Shipping and tourism vessels must be able to navigate shifting sea ice safely. However, on the fringes of the Arctic ice cap, there are many icebergs and ice floes that pose danger to these ships. The primary threat to ships is the mobile ice, which could cause these ships to become trapped. An icebreaker would be needed to provide service to ships in need.

An icebreaker is a ship with the ability to navigate icy waters and clear paths for other ships. They are fairly large ships, at around 400 feet from bow to stern (O’Rourke). Most icebreakers last around 30 years before being refurbished or decommissioned (O’Rourke). There are two different methods of breaking ice: simply running through it or backing and ramming. Backing and ramming is a technique in which the ship backs up and rams the ice to break thicker sheets. Icebreakers are expensive and uncommon, but essential for Arctic navigation.

For our project, we propose that an icebreaker be built for use by the U.S. Coast Guard. The State of Alaska has shown interest in helping to fund this project, but they will not be solely responsible for finances. It is possible that funding could be acquired from many different parties who would be interested in contributing to a new icebreaker if it would benefit them in their Arctic operations, as was done with the Sikuliaq (Castellini). The vessel will be designed to break at least six feet of ice continuously and can be in service for 250 days at minimum so as to maintain a presence in Arctic waters throughout the year. The ship proposed should be maintainable by a crew of about 130, the size of the crew on former heavy icebreakers (O’Rourke). These aspects would greatly increase the ability of the Coast Guard to monitor and keep safe the Northwest Passage.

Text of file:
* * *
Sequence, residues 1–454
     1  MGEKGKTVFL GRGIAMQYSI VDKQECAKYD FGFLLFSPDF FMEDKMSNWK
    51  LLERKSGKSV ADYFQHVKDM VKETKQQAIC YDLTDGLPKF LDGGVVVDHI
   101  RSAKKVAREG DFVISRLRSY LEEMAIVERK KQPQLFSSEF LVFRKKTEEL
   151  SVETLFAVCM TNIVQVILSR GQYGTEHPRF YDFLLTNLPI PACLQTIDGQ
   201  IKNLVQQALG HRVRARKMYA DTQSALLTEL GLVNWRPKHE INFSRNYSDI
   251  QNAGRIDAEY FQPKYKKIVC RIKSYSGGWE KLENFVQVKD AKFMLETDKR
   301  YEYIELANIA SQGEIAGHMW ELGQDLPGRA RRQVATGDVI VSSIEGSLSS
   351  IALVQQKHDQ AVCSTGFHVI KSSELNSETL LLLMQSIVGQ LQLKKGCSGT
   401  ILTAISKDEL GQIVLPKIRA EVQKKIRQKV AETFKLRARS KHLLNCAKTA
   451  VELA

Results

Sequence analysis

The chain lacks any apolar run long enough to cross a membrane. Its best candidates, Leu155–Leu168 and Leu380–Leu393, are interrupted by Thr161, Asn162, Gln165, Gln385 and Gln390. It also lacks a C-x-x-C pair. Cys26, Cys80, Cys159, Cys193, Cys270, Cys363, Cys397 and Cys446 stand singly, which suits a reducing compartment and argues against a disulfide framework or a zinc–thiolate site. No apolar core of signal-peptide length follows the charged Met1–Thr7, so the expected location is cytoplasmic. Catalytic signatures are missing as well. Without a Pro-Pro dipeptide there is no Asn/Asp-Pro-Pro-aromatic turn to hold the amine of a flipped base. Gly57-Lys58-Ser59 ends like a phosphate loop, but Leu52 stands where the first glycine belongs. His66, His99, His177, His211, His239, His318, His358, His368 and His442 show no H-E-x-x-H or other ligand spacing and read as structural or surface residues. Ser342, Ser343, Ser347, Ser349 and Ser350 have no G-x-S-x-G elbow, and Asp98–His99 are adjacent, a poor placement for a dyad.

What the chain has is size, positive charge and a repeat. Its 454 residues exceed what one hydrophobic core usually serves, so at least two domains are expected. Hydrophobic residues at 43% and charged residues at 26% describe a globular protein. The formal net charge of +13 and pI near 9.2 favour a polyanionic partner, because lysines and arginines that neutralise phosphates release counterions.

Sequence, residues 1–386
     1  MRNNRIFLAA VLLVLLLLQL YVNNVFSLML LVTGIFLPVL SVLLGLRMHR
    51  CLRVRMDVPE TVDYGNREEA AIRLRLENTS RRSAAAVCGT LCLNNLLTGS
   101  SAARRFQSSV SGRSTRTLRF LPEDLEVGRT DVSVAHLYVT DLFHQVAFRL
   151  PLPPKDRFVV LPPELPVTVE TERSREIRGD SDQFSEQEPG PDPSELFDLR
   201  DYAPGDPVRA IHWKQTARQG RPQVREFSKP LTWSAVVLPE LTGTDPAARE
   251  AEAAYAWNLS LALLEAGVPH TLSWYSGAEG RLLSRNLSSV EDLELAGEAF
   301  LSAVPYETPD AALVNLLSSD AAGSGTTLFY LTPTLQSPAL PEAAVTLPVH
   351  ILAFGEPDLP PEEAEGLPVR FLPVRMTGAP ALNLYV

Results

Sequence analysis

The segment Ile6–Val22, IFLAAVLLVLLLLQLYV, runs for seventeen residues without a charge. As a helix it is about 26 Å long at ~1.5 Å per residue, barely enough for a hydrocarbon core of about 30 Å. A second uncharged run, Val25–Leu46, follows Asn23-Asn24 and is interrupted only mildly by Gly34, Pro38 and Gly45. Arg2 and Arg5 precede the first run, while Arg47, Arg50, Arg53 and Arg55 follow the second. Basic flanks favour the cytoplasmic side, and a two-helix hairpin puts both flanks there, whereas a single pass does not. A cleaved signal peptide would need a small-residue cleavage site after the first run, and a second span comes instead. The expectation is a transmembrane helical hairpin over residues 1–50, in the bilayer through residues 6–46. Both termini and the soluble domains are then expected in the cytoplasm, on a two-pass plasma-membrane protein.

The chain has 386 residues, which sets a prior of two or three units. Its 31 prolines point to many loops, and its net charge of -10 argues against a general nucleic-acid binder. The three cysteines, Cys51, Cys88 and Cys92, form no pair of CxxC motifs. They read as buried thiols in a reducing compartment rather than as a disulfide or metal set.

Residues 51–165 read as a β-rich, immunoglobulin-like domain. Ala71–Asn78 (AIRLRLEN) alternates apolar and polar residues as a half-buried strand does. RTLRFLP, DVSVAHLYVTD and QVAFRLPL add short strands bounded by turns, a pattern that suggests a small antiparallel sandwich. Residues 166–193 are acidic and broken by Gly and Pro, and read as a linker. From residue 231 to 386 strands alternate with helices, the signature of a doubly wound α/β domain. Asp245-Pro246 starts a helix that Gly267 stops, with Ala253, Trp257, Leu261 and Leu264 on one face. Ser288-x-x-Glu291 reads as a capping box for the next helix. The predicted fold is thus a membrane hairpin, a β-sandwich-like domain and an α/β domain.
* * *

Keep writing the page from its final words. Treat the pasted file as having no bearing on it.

The Arctic sea ice is changing rapidly, and with this comes increased traffic through Arctic regions (DeMarban). Shipping vessels, tourism, oil drilling, and exploration of the Arctic all add to this traffic (Humpert. and Raspotnik). Given the estimated high number of vessels to be passing through the area, the ability to run an effective search-and-rescue mission is critical. Vessels can encounter problems such as icing from sea spray, getting stuck in sea ice, and iceberg collisions. The sheer remoteness of the Northwest Passage also poses a problem, since rescue times could be significantly slower if the passage was frozen (Humpert, and Raspotnik). The U.S. must increase their current Arctic navigational capabilities in order to manage the route. As of now, with only one functioning medium-power icebreaker, we are currently unable to do so.